Josef Reichert was born on December 12, 1891 in Burgfeld. He joined the imperial army and participated as an officer in the Great War. After 1918, he made a career and served in the Reichswehr.
When the Second World War broke out, he was a colonel and took part in the invasion of Poland at the head of the 6th Infantry Regiment, then in the French Campaign, and also in Yugoslavia as part of Operation Barbarossa. Subsequently, promoted to the rank of general, he was appointed to the head of the 711th Infantry Division which moved to Normandy in order to defend the coast against any attempted Allied landing. This unit is positioned between Caen and Rouen and Josef Reichert installs his command post at Pont-l’Evêque.
When the Allies landed on June 6, 1944, Josef Reichert’s division immediately intervened to repel his opponents at sea but was grounded by the air force, which banned any German movement towards the beaches. Reichert orders his soldiers to settle defensively in the Caen area and the Anglo-Canadian forces break their momentum several times on his lines which are reinforced by German heavy armor.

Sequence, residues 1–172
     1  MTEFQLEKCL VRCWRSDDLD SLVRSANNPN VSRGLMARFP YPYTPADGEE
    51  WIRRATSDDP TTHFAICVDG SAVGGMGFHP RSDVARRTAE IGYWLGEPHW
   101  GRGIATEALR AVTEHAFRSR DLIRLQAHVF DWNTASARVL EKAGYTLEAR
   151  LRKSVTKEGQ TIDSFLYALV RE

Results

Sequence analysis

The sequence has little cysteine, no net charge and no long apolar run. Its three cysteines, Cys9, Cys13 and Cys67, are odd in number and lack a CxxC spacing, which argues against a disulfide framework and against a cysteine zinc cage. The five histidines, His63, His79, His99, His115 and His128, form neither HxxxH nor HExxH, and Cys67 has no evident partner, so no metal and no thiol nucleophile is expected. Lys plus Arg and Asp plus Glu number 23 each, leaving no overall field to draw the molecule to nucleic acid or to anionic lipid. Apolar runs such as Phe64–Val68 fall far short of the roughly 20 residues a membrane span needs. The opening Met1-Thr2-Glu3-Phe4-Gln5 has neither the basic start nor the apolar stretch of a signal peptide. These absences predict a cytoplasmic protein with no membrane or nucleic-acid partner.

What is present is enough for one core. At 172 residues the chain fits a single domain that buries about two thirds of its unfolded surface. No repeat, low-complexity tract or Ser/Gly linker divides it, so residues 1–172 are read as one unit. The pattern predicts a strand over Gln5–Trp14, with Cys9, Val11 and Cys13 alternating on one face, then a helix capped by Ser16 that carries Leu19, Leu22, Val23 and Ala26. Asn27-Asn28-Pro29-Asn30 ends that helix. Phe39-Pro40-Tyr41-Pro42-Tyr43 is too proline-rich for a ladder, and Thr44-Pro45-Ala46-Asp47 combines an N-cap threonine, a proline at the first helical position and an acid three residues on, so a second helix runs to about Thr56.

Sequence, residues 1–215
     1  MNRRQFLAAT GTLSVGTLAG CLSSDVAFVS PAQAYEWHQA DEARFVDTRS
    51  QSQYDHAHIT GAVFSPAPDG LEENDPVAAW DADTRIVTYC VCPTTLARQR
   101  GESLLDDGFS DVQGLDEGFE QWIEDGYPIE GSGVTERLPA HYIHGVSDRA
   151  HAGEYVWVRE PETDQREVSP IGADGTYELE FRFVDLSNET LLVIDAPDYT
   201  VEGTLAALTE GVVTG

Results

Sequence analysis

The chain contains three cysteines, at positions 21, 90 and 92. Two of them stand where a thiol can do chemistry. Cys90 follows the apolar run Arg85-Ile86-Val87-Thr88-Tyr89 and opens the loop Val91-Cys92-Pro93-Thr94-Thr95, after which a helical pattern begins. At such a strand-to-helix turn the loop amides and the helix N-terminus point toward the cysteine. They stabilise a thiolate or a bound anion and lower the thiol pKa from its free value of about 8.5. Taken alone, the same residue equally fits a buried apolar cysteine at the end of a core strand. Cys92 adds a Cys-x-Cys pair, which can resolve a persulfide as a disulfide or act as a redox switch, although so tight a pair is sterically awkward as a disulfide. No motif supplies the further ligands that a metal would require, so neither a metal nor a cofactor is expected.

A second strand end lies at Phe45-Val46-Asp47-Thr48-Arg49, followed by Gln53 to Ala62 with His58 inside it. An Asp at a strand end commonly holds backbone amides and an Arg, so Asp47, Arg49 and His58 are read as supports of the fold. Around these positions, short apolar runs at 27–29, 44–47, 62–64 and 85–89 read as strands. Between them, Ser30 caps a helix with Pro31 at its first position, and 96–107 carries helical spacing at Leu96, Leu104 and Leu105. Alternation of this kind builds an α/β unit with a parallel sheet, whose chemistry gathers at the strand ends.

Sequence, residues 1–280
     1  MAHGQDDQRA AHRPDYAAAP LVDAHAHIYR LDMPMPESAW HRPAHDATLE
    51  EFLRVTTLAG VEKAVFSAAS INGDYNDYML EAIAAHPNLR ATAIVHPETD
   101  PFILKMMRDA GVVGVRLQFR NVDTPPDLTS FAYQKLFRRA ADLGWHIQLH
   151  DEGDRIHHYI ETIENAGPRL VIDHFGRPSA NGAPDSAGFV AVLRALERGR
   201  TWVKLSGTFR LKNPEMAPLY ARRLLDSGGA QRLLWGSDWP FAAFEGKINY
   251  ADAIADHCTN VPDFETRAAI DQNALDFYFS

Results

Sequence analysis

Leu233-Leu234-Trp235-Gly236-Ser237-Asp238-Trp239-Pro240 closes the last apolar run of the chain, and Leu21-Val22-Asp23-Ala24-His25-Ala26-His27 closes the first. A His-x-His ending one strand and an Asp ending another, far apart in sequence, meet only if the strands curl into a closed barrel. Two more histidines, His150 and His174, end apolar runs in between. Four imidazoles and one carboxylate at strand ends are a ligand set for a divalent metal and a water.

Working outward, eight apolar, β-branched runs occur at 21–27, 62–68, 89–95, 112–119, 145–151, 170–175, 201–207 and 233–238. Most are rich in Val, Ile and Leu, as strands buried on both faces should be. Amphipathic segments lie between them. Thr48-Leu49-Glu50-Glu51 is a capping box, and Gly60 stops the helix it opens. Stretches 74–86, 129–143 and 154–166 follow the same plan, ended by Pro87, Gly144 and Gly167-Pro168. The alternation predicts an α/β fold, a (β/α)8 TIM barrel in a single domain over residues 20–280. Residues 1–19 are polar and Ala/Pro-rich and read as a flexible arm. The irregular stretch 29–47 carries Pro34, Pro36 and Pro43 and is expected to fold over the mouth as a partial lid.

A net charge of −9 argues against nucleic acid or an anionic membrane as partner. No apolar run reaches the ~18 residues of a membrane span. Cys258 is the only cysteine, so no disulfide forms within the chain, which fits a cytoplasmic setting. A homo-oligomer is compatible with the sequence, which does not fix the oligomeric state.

But the Allied war machine overcomes German forces that are forced to retreat east of the Seine at the end of August 1944. Having suffered very heavy losses, his division is reorganized and reinforced in men and materials in Holland from September 1944.
Josef Reichert also took part in Operation Market Garden, which took place in the same month in Holland, and in Operation Frühlingserwachen launched by the Germans on March 6, 1945 in Hungary, where valuable oil reserves are located.
On April 14, 1945, he was seriously injured in a car accident and then taken prisoner by the Americans. He died on March 15, 1970 at the age of 78.